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Various - Before the Day is Done: The Story of Folk Heritage Records (1968-1975)

  by Tommy Gunnarsson

published: 8 / 11 / 2022

Various - Before the Day is Done: The Story of Folk Heritage Records (1968-1975)
Label: Select Label
Format: N/A


Tommy Gunnarsson enjoys ‘Before the Day is Done’, the third instalment in a folk anthology series from Grapefruit which focuses on the obscure Folk Heritage label between 1968 and 1975.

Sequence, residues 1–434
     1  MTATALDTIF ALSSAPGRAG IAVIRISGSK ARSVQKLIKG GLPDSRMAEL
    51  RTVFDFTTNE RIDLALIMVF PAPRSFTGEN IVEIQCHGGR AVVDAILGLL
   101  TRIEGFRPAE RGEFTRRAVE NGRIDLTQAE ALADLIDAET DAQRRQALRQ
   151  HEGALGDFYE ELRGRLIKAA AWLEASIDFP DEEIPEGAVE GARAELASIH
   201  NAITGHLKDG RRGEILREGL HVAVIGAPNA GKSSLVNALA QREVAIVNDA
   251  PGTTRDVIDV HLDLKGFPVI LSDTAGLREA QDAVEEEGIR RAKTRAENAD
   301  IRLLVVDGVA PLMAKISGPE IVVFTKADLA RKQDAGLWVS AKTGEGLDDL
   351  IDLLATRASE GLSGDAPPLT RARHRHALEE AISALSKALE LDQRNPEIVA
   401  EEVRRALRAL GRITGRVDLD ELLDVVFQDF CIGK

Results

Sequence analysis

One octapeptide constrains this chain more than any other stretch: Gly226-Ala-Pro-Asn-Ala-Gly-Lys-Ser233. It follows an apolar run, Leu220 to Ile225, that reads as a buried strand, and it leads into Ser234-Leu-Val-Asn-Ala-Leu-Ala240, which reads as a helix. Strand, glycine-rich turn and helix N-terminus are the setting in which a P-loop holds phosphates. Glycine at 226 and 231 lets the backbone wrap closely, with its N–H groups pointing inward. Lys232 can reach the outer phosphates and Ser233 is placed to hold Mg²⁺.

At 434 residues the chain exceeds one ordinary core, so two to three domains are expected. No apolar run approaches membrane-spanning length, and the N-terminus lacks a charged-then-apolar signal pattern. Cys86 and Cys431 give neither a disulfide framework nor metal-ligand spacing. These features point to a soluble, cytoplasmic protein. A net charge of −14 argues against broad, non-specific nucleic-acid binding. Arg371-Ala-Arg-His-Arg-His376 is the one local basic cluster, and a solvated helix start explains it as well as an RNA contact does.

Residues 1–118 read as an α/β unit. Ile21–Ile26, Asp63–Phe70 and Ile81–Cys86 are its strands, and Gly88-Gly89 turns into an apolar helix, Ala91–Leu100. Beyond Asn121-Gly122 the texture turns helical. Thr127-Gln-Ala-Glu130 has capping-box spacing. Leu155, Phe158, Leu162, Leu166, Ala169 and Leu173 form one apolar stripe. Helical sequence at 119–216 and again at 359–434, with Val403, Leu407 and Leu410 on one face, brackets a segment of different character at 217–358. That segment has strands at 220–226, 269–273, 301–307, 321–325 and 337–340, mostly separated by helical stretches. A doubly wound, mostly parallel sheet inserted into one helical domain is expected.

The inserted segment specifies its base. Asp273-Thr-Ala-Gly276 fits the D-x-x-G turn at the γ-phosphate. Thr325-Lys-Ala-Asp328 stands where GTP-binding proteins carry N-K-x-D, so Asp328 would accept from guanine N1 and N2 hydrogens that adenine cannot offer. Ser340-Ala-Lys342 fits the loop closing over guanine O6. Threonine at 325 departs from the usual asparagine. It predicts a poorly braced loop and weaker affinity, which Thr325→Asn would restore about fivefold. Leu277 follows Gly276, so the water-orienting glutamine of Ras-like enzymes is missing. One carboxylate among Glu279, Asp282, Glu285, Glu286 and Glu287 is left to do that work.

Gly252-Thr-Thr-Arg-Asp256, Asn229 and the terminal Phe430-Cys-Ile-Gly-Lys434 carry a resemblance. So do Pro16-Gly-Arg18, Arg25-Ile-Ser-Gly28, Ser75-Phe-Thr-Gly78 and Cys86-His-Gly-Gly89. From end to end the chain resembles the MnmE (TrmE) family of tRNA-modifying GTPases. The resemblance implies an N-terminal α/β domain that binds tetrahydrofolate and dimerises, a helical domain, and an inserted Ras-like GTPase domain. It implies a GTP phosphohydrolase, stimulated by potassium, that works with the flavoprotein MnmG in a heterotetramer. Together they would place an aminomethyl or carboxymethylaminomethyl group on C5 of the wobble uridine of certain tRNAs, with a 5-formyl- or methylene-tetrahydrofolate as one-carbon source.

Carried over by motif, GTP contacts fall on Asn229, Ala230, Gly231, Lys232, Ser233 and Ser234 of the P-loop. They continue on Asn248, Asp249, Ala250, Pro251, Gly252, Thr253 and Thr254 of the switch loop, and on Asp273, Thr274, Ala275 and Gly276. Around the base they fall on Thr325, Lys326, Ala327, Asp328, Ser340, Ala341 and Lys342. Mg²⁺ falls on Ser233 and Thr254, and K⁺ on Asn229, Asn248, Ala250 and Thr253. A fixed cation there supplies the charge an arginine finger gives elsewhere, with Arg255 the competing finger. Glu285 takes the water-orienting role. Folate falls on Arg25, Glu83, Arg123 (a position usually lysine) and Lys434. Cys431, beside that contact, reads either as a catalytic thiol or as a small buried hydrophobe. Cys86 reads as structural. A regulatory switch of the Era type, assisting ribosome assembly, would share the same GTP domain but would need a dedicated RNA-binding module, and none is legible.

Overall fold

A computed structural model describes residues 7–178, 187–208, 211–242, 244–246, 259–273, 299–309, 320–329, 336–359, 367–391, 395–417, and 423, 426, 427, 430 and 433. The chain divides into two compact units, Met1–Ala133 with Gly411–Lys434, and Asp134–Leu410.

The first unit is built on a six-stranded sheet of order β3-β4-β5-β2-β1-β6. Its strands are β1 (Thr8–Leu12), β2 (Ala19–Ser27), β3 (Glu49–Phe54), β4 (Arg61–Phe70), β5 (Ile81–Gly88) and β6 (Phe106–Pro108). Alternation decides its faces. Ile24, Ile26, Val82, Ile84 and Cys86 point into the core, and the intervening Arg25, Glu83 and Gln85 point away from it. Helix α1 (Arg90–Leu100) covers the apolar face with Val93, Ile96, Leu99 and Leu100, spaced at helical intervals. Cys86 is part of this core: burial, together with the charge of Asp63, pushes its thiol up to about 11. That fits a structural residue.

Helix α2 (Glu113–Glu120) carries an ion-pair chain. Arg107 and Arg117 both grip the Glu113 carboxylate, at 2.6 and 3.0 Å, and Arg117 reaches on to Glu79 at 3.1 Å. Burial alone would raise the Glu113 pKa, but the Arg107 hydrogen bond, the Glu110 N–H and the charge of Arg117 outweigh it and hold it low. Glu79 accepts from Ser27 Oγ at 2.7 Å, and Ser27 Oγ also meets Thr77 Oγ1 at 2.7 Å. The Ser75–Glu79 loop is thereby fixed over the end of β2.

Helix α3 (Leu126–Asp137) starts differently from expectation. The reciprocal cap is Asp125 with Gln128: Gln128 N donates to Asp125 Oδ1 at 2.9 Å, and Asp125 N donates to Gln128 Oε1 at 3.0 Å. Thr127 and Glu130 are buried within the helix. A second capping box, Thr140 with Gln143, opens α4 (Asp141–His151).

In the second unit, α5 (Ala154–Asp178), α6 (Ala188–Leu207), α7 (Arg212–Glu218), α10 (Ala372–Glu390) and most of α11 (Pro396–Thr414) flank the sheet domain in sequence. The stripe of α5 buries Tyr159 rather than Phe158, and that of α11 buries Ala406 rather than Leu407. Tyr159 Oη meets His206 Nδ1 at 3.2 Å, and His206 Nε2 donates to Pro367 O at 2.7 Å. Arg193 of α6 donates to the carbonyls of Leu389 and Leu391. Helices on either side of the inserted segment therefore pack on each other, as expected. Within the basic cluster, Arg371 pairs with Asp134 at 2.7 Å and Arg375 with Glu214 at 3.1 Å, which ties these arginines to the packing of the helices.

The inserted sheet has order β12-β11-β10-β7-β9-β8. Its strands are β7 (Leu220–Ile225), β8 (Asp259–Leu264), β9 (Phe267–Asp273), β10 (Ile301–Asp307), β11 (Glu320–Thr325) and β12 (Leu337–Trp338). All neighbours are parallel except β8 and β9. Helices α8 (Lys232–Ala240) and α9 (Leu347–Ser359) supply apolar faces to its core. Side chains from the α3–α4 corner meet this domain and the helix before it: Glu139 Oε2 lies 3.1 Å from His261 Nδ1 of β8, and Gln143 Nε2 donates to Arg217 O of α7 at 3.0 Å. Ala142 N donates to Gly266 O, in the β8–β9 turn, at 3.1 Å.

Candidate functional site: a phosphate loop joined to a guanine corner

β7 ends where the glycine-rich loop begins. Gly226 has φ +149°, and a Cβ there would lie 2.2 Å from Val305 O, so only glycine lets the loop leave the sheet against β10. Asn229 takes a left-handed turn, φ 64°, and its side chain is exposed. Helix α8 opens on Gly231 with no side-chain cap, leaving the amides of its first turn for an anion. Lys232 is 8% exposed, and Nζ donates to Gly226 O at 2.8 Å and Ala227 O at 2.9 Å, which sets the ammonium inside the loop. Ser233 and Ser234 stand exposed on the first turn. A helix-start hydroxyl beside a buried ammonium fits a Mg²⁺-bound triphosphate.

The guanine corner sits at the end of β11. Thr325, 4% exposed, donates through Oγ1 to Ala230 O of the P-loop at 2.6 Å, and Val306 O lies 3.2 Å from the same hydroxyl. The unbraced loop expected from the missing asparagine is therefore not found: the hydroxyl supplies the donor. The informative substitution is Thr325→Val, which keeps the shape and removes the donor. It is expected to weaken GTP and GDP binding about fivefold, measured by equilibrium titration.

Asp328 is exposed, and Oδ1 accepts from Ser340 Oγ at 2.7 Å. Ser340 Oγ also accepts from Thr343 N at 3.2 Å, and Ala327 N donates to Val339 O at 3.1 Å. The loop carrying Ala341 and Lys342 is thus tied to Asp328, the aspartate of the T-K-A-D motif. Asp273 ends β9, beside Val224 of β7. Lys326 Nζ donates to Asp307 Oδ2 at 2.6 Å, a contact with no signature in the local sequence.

Grapefruit, a Cherry Red sub-label, has done a fantastic job in releasing anthologies of more or less forgotten acts in the world of UK folk, with the two compilations ‘Dust on the Nettles’ (2015) and ‘Sumer is Icumen In’ (2020) focusing on the underground folk movement and the pagan side of folk. This third instalment in a trilogy of sorts instead turns its focus to a specific label – Folk Heritage Records. The label was founded by Alan Green in 1968, and quickly became a safe home for the more backward looking, grassroots acts of the folk boom that exploded in the UK in the late 1960s. Some of the acts here were featured on the two previous compilations, like Folkal Point, Music Box and Parke, but there are also lots and lots of new acquaintances to be made here! The music on these three CDs are quite varied, although within the ‘folk’ boundaries, with everything from solo singer/songwriters picking away on their acoustic guitars to folk rock, with more old-school fiddle folk in-between, and personally, I prefer the folk rock part best. On this compilation, I have discovered new favourites in acts such as Peregrine (I can really recommend checking out their sole album, ‘Songs of Mine’, released in 1972), The Young Folk and the aforementioned Folkal Point, for instance. The Folk Heritage records are quite unique in a way, as they are extremely sought-after, and are sold for ridiculous sums, but they have virtually no streams at all on Spotify. For example, the aforementioned Peregrine album is sold for 600 dollars on the record collector site Discogs, but they currently have 137 monthly listeners on Spotify, with no songs having more than 1000 streams in total. Let’s change that, shall we? Oh, I should get one thing straight here before it slips my mind – not all the songs on this compilation were released on the Folk Heritage label, but also on their associated sub-labels Midas, Sweet Folk & Country, Westwood and Real. Just so you know. In the booklet (which is brilliant, as always), Green is quoted by saying “None of the artists on this album are ‘famous’, but they represent a fair cross-section of resident singers, perhaps performing at a folk club in your area. In all cases the lack of fame is of no consequence to these individuals, whose enthusiasm and sincerity conveys the true feeling of the folk tradition” (he wrote this when releasing the label spotlight compilation LP ‘Folk Heritage’ in 1973), and I think that’s more or less what this three CD box is all about. Practically unknown heroes of a musical movement finally getting the recognition they deserve. I might not enjoy every song here (I have discovered there is such a thing as too much fiddle and too folk-y voices), but that’s not the point. So, thank you, Grapefruit.

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